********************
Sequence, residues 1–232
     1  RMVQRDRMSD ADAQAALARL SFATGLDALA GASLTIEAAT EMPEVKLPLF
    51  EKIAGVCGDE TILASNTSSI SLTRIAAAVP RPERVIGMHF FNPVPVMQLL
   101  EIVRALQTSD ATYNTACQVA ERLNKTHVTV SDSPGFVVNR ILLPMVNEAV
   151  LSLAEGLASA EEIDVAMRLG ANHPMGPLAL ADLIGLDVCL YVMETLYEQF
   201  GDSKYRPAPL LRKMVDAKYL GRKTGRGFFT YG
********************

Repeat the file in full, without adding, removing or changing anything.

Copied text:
Sequence, residues 1–232
     1  RMVQRDRMSD ADAQAALARL SFATGLDALA GASLTIEAAT EMPEVKLPLF
    51  EKIAGVCGDE TILASNTSSI SLTRIAAAVP RPERVIGMHF FNPVPVMQLL
   101  EIVRALQTSD ATYNTACQVA ERLNKTHVTV SDSPGFVVNR ILLPMVNEAV
   151  LSLAEGLASA EEIDVAMRLG ANHPMGPLAL ADLIGLDVCL YVMETLYEQF
   201  GDSKYRPAPL LRKMVDAKYL GRKTGRGFFT YG